Some people understand that “digital” or “technology” means “information” and can sometimes mean “connections”, and they understand that connecting people to their heritage and to each other through information (“knowledge” if you prefer) is a key element of a museum’s mission. So maybe we are using the wrong words. Maybe by using the term “technologist” we are focusing the conversation on the wrong aspect of what it is we’re trying to get across. But what we’re trying to get across is something that can’t be easily expressed with a pithy title. What’s an alternative to technologist though?
– Relatedness Manager (rolls right off the tongue)
– High Prognosticator (predicting how our audience will engage with us in ten years)
– Information Cowboy (herding data across vast expanses)
– Specialist in the Not-Virtual (because it’s not fake, it’s data)
– James Burke
– Reality Augmentor (the ‘o’ in ‘or’ is important because it feels more authorial that way)
– Knowledge Purveyor (the ‘o’ is important because that’s how it’s spelled)
I would totally apply for a job whose title was “James Burke”! I might even go for being an Assistant James Burke, just to get my foot in the door.
He’s been invoked several times in meetings about the nature of technology we’ve been having.
I wish I could apply for that job. There’s no way I’d get hired for it though. I could never be the Denver Art Museum’s Resident James Burke. I still watch Connections Series 1 once in a while. I still find it awesome every time (in spite of that dreadful liesure suit). I plan to someday raise my kids on those videos (now that I think about it, it was a pretty formative influence in my own childhood).
On the videos?
I don’t have much to add after Matt’s thoughtful comment above and your insightful post. Understanding misconceptions is as important of course, as defining yourself in ideal terms.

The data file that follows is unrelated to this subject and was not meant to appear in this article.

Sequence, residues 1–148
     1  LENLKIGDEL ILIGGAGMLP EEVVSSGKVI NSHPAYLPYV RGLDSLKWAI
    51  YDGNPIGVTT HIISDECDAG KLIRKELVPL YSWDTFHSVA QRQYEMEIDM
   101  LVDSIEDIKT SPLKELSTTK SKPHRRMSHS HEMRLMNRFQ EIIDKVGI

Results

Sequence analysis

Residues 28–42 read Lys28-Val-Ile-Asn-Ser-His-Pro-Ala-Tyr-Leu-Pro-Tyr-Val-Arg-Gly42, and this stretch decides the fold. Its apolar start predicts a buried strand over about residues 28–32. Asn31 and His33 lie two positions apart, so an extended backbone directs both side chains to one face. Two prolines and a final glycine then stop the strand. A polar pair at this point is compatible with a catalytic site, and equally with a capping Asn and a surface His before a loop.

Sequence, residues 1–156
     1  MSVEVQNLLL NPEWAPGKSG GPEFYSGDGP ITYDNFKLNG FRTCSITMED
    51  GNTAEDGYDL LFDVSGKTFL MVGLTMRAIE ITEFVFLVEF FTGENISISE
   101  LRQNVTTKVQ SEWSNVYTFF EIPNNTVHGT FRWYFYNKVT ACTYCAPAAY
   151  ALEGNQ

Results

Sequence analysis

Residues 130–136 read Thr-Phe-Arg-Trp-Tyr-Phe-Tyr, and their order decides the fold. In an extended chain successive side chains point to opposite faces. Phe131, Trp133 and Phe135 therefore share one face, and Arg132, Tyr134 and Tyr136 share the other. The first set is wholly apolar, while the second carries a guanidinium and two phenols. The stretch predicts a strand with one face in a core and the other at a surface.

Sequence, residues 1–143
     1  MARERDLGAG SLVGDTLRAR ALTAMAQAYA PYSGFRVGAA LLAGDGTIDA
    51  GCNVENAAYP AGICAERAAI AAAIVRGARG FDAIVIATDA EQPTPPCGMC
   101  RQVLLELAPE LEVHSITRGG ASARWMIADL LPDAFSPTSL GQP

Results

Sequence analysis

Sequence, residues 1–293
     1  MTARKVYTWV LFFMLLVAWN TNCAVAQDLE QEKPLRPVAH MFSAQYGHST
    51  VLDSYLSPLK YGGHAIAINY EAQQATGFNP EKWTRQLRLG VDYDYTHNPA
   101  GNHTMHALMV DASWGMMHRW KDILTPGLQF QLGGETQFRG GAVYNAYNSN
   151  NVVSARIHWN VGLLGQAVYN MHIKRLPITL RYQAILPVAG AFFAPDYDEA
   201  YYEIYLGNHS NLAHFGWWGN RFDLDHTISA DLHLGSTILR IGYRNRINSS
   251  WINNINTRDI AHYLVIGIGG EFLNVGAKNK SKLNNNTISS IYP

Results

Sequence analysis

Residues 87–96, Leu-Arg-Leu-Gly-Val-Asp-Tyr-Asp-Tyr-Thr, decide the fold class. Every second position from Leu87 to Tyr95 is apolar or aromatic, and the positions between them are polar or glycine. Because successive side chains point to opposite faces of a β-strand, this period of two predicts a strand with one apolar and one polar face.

I would say two things: 1) that both technologists and the general public both suffer from and complain about the notion that the technology is more important than the content. It’s important for everyone to emphasize that technology will add no value unless you’re passionate about the content that you’re producing and 2) there is a difference between the material object and the immaterial objects of the web. Just because items on the web can’t be held in your hand doesn’t make them “unreal,” but it does make them different than a physical object that you can touch with your hands or see in person inches from your eyes. I’m not trying to qualify one as better than the other, but simply to point out that there are differences that “museum technologists” (or knowledge purveyors, or whatever–we say web, new media, and outreach where I work) need to keep in mind when creating online outreach or content so that interactions with objects in person and interaction with objects on the web can each capitalize on the strengths of each situation (e.g. being able to touch items or look at them as closely as possible in museums where possible vs. including a social aspect to viewing objects on the web whereas museum viewing is often solo or social in a more limited way). I say all of this as someone who both was trained as a material anthropologist and currently works as a “museum technology” person 🙂
Strangers in a strange land. Fear of the unknown.
I think Matt hits on a couple of good points, especially with the notion of things being a zero sum game — which in times of tighter fiscal budgets seems to be more true than not. We talk of tradeoffs and sacrifices during budget reviews.
That being said, there are few other fields that have evolved so dramatically and quickly as technology. And, worse, the best practices that have been established in other areas over the last hundred years (regardless of how true that is…) are fledgeling ideas in tech and will probably change in another few years. From the outside, it all appears to be an incredible amount of noise and churn.
Which is why the best technologists need to not represent technology. They need to represent ideas and simply are figuring out ways to execute experiences.
You asked for people that wanted to eliminate collections — Jacques Cousteau (and his son) advocated for years to eliminate living collections. Aquariums shouldn’t house animals because it was unethical to put living creatures on display in a confined space when they were wild and should be able to roam the world. The traditional argument is that you sacrifice a few for the greater good and that letting a person engage with a real dolphin stirs something different than a simulation.
In partnership with NEC, they helped create the Virtual Aquarium in Japan in the mid-90s. High definition screens, tons of video, interactive bits, and all created with input from aquarium professionals around the world (disclosure: NEAq staff (including me) were involved). But, in execution, while there was some pretty amazing bits, it didn’t grab your soul in the same way as some of the living collections you see elsewhere. Things had skewed too far in the *other* direction and it lacked a final sense of balance between the two.